Washi is made from kozo (paper mulberry), mitsumata (a plant of the daphne genus) and gampi (another daphne plant). Traditional Japanese paper is known for its strength and quality and because it is handmade each sheets have unique irregularities in thickness and color. The size of Washi in the old days was 1 saku 1 sun (33.3cm) x 8sun (24.4cm) and in Mino another size was 1 shaku x 3sun (39.4cm) x 9 sun (27.3cm). The average size of Washi today is the following:
Shojigami (screens and windows) 63.3 x 93.9cm;
Gasenshi (calligraphy)72.7 x 136.5 cm;
Hoshoshi (High grade official documents)39.4 x 53.0 cm;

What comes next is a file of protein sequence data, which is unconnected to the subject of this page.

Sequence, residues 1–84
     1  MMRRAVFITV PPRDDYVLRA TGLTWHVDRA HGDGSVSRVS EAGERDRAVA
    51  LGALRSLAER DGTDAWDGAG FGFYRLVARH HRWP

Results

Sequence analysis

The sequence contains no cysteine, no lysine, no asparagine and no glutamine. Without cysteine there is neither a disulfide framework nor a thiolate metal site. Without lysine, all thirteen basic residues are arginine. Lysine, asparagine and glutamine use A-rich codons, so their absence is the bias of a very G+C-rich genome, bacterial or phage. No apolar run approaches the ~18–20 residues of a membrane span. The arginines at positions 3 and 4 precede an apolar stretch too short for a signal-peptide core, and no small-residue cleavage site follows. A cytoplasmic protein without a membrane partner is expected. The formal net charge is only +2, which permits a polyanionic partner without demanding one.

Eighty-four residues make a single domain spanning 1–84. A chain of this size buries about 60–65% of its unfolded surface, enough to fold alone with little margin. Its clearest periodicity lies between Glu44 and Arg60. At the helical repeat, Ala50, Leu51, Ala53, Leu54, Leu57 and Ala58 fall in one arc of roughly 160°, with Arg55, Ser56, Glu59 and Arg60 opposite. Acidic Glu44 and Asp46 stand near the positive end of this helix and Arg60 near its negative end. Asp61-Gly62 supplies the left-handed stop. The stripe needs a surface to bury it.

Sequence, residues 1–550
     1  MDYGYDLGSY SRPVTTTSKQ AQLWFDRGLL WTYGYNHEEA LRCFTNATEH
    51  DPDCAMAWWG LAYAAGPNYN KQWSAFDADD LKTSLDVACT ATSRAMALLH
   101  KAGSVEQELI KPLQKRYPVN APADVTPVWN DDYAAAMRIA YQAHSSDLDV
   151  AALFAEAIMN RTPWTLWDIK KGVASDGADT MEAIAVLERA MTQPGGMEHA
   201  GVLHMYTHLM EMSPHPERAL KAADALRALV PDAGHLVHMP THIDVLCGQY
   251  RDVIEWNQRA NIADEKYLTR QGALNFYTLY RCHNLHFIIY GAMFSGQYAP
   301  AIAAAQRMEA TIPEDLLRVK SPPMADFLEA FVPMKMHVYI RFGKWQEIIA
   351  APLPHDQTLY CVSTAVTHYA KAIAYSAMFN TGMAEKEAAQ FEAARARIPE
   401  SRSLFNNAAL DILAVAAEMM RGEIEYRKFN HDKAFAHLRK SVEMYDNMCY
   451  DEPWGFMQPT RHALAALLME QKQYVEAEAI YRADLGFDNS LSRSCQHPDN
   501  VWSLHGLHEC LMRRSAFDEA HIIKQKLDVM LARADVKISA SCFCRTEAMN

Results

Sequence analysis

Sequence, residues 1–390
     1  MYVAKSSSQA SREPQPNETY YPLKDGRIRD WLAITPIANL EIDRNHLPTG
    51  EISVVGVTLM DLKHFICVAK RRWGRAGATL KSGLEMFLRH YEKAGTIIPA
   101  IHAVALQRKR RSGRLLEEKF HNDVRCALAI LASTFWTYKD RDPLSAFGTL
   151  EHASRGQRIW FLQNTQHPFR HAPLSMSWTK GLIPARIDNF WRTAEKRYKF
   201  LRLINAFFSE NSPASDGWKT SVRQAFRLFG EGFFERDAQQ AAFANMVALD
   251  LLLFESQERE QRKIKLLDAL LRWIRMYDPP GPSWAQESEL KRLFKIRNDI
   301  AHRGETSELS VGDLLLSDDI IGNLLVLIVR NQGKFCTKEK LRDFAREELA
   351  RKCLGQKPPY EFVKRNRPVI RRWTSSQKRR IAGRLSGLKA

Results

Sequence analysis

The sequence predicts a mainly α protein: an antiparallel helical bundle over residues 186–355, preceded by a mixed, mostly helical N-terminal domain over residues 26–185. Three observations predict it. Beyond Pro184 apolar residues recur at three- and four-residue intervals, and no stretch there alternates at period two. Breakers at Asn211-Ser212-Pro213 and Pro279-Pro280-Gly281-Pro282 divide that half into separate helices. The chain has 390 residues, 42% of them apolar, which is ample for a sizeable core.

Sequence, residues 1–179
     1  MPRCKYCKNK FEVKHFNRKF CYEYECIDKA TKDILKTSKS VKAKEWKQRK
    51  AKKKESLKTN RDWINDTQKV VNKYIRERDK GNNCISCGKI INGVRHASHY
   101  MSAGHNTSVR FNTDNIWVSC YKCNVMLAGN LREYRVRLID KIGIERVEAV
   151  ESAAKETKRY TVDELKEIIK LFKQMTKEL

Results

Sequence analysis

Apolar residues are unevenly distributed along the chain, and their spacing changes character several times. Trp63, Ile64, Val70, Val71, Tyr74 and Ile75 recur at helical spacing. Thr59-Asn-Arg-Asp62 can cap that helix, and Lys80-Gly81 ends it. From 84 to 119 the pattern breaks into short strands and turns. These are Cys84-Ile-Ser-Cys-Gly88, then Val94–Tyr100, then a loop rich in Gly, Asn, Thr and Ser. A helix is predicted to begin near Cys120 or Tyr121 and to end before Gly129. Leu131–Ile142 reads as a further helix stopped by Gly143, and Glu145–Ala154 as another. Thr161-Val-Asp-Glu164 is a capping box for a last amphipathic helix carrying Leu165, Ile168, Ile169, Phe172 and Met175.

Udagami (mounting paper)31.8 x 45.5 cm
I made large sheets of Washi that is 3 x 6ban (97.0 x 188cm). The difference between making the large sheets and the small sheets is the size of the mold. The large paper use a pour technique (similar to European style) instead of “Nagashizuki” (swishing water over a woven bamboo tray)
In Japan today you find artists likeHoriki Eriko that makes large scale paper for interiors and calls it “Architecture Washi” that can measure up to 10 meters for one sheet. Her technique is secret with patent protection and one can just wonder how she are able to control the size and consistent quality of her paper. Check out her website. In the next post I will show the technique in making large scale Washi paper.
Please continue to the second part of making large Japanese Paper 2 with photos of the process and a Video.